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Chapter 4

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University of Guelph
SOC 2700
Norman Dubeski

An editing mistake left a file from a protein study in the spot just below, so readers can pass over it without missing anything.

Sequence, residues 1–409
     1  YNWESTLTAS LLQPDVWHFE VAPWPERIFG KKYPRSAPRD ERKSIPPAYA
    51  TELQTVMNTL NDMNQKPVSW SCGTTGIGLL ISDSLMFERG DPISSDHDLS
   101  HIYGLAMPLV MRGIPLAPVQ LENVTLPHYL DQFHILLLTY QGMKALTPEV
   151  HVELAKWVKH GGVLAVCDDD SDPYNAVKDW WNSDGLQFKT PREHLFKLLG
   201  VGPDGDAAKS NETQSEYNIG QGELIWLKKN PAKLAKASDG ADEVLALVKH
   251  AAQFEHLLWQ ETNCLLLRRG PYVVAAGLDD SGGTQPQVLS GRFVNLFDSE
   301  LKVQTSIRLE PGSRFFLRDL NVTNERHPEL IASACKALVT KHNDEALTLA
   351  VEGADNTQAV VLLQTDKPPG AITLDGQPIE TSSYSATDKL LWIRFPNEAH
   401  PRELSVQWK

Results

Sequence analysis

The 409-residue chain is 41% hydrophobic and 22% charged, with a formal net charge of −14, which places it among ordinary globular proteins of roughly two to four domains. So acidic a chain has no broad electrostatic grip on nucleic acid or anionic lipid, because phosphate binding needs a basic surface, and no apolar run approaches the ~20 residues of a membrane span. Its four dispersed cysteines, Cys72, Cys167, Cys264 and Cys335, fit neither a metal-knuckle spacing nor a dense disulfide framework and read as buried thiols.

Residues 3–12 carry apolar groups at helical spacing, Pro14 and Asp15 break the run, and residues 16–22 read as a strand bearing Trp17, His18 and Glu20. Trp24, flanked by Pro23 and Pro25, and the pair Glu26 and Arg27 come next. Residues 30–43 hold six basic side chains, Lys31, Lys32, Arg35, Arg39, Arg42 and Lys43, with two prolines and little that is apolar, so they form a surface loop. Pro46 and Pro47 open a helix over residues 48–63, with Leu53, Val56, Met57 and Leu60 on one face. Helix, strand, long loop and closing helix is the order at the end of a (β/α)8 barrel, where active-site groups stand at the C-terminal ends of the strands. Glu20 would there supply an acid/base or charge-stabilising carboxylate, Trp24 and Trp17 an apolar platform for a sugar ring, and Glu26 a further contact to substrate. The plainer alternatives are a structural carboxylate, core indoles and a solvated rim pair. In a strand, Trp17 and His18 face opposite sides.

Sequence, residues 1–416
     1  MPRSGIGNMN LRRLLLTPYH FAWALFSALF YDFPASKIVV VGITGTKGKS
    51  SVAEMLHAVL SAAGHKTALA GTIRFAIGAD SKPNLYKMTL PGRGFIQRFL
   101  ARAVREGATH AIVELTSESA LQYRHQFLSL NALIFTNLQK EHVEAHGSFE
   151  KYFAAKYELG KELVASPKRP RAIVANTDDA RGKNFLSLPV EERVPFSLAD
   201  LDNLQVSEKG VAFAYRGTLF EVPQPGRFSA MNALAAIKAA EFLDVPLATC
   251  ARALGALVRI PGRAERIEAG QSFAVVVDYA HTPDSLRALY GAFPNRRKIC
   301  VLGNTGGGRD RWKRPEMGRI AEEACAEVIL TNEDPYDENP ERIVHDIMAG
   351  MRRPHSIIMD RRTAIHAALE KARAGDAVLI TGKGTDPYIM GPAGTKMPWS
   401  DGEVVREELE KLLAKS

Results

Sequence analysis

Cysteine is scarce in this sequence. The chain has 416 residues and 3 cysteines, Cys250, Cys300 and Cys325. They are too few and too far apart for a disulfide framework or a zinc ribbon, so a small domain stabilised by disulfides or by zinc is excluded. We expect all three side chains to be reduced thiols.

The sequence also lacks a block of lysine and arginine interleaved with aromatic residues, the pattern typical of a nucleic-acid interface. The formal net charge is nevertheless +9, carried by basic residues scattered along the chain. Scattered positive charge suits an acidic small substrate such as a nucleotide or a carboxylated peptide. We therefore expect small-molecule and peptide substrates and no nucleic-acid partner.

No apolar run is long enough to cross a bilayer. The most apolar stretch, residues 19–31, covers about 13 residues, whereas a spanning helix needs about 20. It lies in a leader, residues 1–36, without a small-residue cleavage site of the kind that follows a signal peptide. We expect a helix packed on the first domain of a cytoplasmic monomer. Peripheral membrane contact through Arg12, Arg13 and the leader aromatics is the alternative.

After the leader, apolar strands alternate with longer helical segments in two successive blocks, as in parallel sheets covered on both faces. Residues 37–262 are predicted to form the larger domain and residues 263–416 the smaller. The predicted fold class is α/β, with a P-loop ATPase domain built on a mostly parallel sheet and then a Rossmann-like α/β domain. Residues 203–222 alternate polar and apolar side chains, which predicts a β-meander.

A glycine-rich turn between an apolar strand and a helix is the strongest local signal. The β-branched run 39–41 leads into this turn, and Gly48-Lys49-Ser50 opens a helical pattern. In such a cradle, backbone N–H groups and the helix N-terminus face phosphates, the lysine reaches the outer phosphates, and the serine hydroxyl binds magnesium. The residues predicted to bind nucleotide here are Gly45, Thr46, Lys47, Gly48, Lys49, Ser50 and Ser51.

Volds chapter 4 notes: Psychological factors and criminal behavior: -Low intelligence=most common to explain criminal and delinquent behavior -Personality: emotional and behavioral attributes that tend to remain stable as he individual moves from situation to situation -Some researchers use personality tests -Biological and situational factors are psychological theories to consider in criminal behavior Intelligence and crime: background ideas and concepts: -people dull witted or slow were thought to be possessed by the devil -they were forced into exile and almost certain death -with transition from spiritual explanations to naturalistic once, ida abou this affliction were modified -they were explained now as curses of nature instead of curses of god -inheritance and family line of decent became the naturalistic way of accounting for misfortunes -Richard dugdale: used to explain history of family called the “jukes” -dugdale found six members of this family in a country jail -he traces the genes back two hundred years and found history of “pauperism, prostitution, exhaustion, disease, fornication, and illegitimacy -Henderson: writing in 1899, cited the jukes as typical of families of degenerates and argued that private charitable work to alleviate the suffering of these people was actually allowing them to reproduce In great numbers -this resulted in the “rising tide of pauperism, insanity, and crime which threatens to overwhelm and take over our nation.” -he argued: deterioration of the common stock must be resisted by segregating such inferior people in institution and not allowing them to reproduce -law in 1927 virginia law forced sterilization of mentally disable people, three generations are enough” IQ tests and criminal behavior: -Alfred binet: originated the intelligence tests -binet became a member of commission for formulate a policy for the administration for special classes for those who were doing poorly in the paris public schools -he devised practical test to measure mental functioning of students -Theodore Simon, medical officer of the schools they collaborated -binet assembeled large number or small tasts relating to everyday life that involed basic reasoning process -the first tasks could be completed by children and then end of the taks only adults -the scale was first shown in 1905 -each task was then assigned a mental age for example: a task that could be performed by an averge nine year old but not by an average child who was eight or younger would be assigned a mental age of 9 -in 1912 William stern suggested that mental age should be divided by chronological age and multiplied by ten -the result of this would be called the intelligence quotient -Binet rejected the idea that intelligence is a fixed and inborn quality -in other words, it could be changed -these tests then became popular: -H.H Goddard began giving tests to all new inmates on admission -by 1928 Goddard had dared to suggest that one percent of population is feebleminded Delinquency, race, and IQ -Iqs of criminals have become embroiled in a more recent controversy concerning relationship between intelligence and race -African Americans score about 15 points lower than European Americans -some scholars used different Iq scores to explain difference in crime and delinquency between races -Gordon argued that variations in delinquency rates are best explained by variations in Iq -hirchi and Hindelang argued IQ was at least as important as class or race in predicting delinquency -Quay suggested several reasons why low verbal IQ may b associated with delinquency -Fist low verbal may lead to school problems which then lead to delinquency -second low verbal abilities may be associated with a variety of other psychological problems Interpreting the association between delinquency and IQ -First approach: assume that IQ measures some form of abstract reasoning or problem-solving ability and that this ability is largely inherited -Second approach: argues that IQ dos not measure innate ability, but instead measures qualities that are related to the dominant culture. -Jane Mercer illustrated meaning of cultural bias by constructing a test of simple behavioral tasks related to intelligence such as being able to tie your shoes by age 7 -Third approach: argues IQ measures general abilities, but that these abilities are largely determined by a persons environment. -Simons cited an umber of studies that reported IQ gains averaging about 15 points when low IQ -third approach has received impressive support from research on what is known as the “Flynn Effect” -in the 80’s Flynn demonstrated that average IQ has been raising Personality and criminal behavior: -Personaliy: complex set of emotional and behavioral attributes that tend to remain relatively constant as the individual moves from situation to situation -Words like aggressive, belligerent, suspicious, likable -50’s Gluecks pubished study that compared 500 delinquent boys and non delinquent boys -argued that delinquent personality is not so muc
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